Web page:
You talked about how the temperature is pretty forgiving. That is true, but, if you want to have consistent results both the temperature and the culture you use are very important. Yogurt culture is actually two different bacteria, and they each have a slightly different temperature preference, so shifts in temperature will favor one over another. One of the cultures is more tolerant of acid than the other, and so more growth by that culture that will make the yogurt more sour. There are “cheese cultures” that grow at room temperature, used to make products like fromage frais, which is also delicious.

You talked about leaving the yogurt for 8 hrs. That is a good rule of thumb for the home yogurt maker (the best way is to measure pH exactly, but most people can’t do that at home!). It is true that the longer you let it ferment, the more sour it gets. But, how sour it gets (and what flavors it develops) also very much depends on the culture you use and how it grows. What you use for culture makes a big impact, so I recommend using fresh culture each time you start (not like sourdough, where you use the last batch to culture the next batch).

One other thing that I like to tell people about yogurt: One way to minimize the liquid whey that appears when you have a partially used container of yogurt, just use your spoon to smooth out the surface of the yogurt after you have dipped out what you need. This will really minimize the separation (called synersis). If you do see separation, there’s no need to pour it off. Just stir it in!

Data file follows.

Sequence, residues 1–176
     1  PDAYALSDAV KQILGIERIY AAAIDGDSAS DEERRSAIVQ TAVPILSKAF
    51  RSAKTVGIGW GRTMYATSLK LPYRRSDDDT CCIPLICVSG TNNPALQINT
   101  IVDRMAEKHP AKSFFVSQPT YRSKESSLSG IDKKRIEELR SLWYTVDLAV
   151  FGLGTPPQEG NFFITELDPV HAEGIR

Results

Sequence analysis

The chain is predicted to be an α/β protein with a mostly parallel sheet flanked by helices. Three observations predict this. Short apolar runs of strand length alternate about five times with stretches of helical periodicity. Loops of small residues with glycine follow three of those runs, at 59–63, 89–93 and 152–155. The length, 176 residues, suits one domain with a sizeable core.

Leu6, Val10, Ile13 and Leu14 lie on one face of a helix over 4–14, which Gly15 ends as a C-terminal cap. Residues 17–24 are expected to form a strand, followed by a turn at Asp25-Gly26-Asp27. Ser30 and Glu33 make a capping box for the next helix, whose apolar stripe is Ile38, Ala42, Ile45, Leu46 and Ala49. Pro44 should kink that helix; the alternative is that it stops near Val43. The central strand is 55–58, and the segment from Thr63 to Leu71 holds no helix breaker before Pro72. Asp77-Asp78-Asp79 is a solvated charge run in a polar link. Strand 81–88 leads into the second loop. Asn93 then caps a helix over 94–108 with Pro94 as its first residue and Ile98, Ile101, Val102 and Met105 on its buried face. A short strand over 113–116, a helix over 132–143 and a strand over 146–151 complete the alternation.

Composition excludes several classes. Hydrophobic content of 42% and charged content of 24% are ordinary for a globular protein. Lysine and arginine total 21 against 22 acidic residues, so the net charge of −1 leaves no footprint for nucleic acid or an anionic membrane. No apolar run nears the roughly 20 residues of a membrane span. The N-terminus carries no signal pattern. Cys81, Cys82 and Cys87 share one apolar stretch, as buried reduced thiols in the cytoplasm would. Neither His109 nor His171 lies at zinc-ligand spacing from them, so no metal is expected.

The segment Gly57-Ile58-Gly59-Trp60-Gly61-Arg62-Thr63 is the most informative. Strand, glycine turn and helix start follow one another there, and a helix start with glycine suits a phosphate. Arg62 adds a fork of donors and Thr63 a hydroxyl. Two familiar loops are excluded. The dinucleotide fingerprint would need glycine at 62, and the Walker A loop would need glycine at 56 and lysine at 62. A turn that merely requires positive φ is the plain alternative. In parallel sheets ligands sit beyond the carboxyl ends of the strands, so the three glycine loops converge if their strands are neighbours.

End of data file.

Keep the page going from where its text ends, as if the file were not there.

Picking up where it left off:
This ended up being quite long - I am so passionate about yogurt! It is fun to hear about people making it at home. Thanks for sharing it on your podcast.

…What you are doing is using fresh starter, because the culture you add should be the same every time you make a batch, if you always use the same culture source. The cultures should still be live and active well beyond the code date on your commercial yogurt, but they will grow more vigorously the “younger” the yogurt is. Not using fresh starter would be: saving some of the yogurt you made and using it to culture your next batch. The possible problem with that is since home yogurt making is not very controlled, the ratio of the two cultures will probably be different each time.
Thank you, Lisa!

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I play the Great Highland Pipes, knit, observe nature, and read. My name on Ravelry is PrairiePiper. Find me on Instagram as KnittingPipeline.